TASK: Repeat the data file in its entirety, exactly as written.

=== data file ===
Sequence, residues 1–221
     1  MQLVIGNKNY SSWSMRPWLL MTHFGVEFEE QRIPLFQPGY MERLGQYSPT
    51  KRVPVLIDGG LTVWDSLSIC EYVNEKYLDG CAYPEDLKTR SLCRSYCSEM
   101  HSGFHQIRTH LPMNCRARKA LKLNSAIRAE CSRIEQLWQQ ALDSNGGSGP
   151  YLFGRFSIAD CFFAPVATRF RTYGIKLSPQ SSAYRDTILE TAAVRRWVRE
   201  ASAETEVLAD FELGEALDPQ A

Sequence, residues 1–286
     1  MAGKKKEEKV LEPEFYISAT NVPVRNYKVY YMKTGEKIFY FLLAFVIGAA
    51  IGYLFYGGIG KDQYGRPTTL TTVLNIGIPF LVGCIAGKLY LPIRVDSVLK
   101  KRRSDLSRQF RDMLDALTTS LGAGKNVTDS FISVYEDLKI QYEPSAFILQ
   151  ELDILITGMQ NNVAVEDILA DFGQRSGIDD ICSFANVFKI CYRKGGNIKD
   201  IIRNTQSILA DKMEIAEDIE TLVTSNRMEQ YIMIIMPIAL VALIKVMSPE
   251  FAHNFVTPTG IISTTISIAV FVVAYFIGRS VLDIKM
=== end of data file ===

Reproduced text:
Sequence, residues 1–221
     1  MQLVIGNKNY SSWSMRPWLL MTHFGVEFEE QRIPLFQPGY MERLGQYSPT
    51  KRVPVLIDGG LTVWDSLSIC EYVNEKYLDG CAYPEDLKTR SLCRSYCSEM
   101  HSGFHQIRTH LPMNCRARKA LKLNSAIRAE CSRIEQLWQQ ALDSNGGSGP
   151  YLFGRFSIAD CFFAPVATRF RTYGIKLSPQ SSAYRDTILE TAAVRRWVRE
   201  ASAETEVLAD FELGEALDPQ A

Sequence, residues 1–286
     1  MAGKKKEEKV LEPEFYISAT NVPVRNYKVY YMKTGEKIFY FLLAFVIGAA
    51  IGYLFYGGIG KDQYGRPTTL TTVLNIGIPF LVGCIAGKLY LPIRVDSVLK
   101  KRRSDLSRQF RDMLDALTTS LGAGKNVTDS FISVYEDLKI QYEPSAFILQ
   151  ELDILITGMQ NNVAVEDILA DFGQRSGIDD ICSFANVFKI CYRKGGNIKD
   201  IIRNTQSILA DKMEIAEDIE TLVTSNRMEQ YIMIIMPIAL VALIKVMSPE
   251  FAHNFVTPTG IISTTISIAV FVVAYFIGRS VLDIKM